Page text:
The always informative NY Public Personnel law blog on a recent whistleblower case:

Arbitrator’s refusal to hear employee’s “whistle blower” defense in the course of disciplinary hearing requires the vacating of the award


Arbitrator’s refusal to hear employee’s “whistle blower” defense in the course of disciplinary hearing requires the vacating of the award

Matter of Kowaleski v New York State Dept. of Correctional Servs., 2010 NY Slip Op 09379, Decided on December 21, 2010, Court of Appeals

Barbara Kowaleski, a correction officer employed by the New York State Department of Corrections, was served with disciplinary charges alleging that she violated provisions of the employees’ manual on three separate occasions when she "made inappropriate comments of a personal nature about another staff member in the presence of staff and inmates"; argued with a fellow employee; and was "disrespectful and insubordinate" when she ignored a superior’s order.
The proposed penalty: termination and the loss of any accrued leave.

Ultimately the matter was submitted to a disciplinary arbitration.

At the outset of the hearing, Kowaleski argued that the disciplinary action was only being brought to retaliate against her for reporting a fellow officer’s misconduct and that she was entitled to raise this as an affirmative defense pursuant to Civil Service Law §75-b, contending that §75-b prohibits public employers from retaliating against employees for reporting their coworkers’ improper conduct.

The arbitrator determined that because the Collective Bargaining Agreement [CBA] limited his authority "to determinations of guilt or innocence and the appropriateness of proposed penalties," he lacked authority to consider Kowaleski’s retaliation defense. The arbitrator, however, indicated that he would consider evidence of retaliation when determining witness credibility and "in the larger context of guilt or innocence."

The arbitrator found Kowaleski guilty of two of the three charges and determined that termination was appropriate and Kowaleski filed a petition pursuant to Article 75 of the CPLR seeking to have the award vacated.

Although Supreme Court and the Appellate Division rejected Kowaleski’s appeal, the Court of Appeals reversed the lower courts’ rulings “[b]ecause we find that the arbitrator’s failure to separately consider and determine Kowaleski’s affirmative defense of retaliation on the merits requires the award to be vacated”

The Court of Appeals explained that an arbitration award must be vacated if, as relevant here, a party’s rights were impaired by an arbitrator who "exceeded his power or so imperfectly executed it that a final and definite award upon the subject matter submitted was not made (see CPLR 7511 [b] [1] [iii]). Further, said the court, an arbitrator "exceed[s] his power" under the meaning of the statute where his "award violates a strong public policy, is irrational or clearly exceeds a specifically enumerated limitation on the arbitrator’s power."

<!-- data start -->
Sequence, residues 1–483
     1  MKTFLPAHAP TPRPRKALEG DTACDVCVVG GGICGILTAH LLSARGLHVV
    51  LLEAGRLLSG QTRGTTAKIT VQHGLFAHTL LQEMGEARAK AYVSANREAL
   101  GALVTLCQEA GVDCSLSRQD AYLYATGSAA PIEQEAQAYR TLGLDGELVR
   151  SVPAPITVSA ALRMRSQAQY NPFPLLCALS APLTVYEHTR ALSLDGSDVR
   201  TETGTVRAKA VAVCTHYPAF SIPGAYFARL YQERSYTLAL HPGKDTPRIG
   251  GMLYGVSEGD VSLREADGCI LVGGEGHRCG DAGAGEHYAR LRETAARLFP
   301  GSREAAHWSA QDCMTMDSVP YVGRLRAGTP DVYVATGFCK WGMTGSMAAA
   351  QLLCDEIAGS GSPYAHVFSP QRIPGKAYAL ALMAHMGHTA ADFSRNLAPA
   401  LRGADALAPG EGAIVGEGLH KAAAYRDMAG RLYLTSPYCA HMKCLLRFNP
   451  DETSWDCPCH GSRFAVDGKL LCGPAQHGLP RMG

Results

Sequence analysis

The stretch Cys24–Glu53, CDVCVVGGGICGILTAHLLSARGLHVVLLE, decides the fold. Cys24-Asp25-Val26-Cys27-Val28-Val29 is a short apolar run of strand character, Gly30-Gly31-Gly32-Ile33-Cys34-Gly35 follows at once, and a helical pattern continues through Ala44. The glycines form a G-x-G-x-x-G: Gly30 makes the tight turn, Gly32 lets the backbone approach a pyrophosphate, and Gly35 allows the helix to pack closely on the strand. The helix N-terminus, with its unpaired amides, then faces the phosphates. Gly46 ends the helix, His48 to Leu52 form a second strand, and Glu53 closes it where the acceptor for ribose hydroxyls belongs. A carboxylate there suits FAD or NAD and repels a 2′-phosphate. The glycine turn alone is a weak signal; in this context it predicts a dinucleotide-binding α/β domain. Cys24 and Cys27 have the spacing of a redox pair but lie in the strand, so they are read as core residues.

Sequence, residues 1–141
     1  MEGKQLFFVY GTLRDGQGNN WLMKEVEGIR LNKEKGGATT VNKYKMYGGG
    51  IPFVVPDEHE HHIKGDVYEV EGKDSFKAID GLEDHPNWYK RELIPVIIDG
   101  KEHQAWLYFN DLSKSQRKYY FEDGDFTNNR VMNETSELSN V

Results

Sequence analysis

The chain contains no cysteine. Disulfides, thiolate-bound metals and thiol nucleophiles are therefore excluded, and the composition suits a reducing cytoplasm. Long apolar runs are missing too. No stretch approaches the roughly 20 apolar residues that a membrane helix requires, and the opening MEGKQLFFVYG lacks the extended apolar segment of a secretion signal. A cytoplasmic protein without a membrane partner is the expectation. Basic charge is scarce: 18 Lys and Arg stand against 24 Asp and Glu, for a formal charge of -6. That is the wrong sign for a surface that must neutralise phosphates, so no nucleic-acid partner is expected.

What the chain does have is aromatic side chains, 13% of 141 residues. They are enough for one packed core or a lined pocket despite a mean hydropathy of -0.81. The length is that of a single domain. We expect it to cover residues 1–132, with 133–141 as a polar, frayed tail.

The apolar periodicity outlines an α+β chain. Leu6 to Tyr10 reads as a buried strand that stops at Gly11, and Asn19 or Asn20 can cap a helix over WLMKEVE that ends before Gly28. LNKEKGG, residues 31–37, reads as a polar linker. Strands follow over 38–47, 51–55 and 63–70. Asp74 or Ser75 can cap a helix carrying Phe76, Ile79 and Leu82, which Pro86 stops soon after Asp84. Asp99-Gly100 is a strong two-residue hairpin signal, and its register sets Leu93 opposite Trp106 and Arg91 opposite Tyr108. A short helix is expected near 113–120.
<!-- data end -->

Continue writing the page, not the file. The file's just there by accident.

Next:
As the lower courts found, and Correction conceded, the arbitrator “not only had authority to consider Kowaleski’s retaliation defense, but was required to do so.”

Further, the opinion indicates that Civil Service Law §75-b prohibits a public employer from taking disciplinary action to retaliate against an employee for reporting "improper governmental action" and in the event the employee reasonably believes disciplinary action would not have been taken “but for" the whistle blowing, the employee may assert such as a defense before the designated arbitrator or hearing officer."

Whatever the terms of the CBA, the Court of Appeals said that
"[t]he merits of such defense shall be considered and determined as part of the arbitration award or hearing officer decision." Further, should the arbitrator or hearing officer find that the disciplinary action is based “solely on the employer’s desire to retaliate,” the disciplinary proceeding must be dismissed.

Accordingly, the arbitrator’s finding that he did not have authority under the CBA to consider Kowaleski’s retaliation defense was not only incorrect as a matter of law, but also in excess of an explicit limitation on his power. Because he failed to consider and determine the defense, the court ruled that the award must be vacated.

Finally, the Court of Appeals noted the Kowaleski has requested that any rehearing be before a different arbitrator. That request, said the court, should be ruled on by Supreme Court in the exercise of its discretion.

The decision is posted on the Internet at: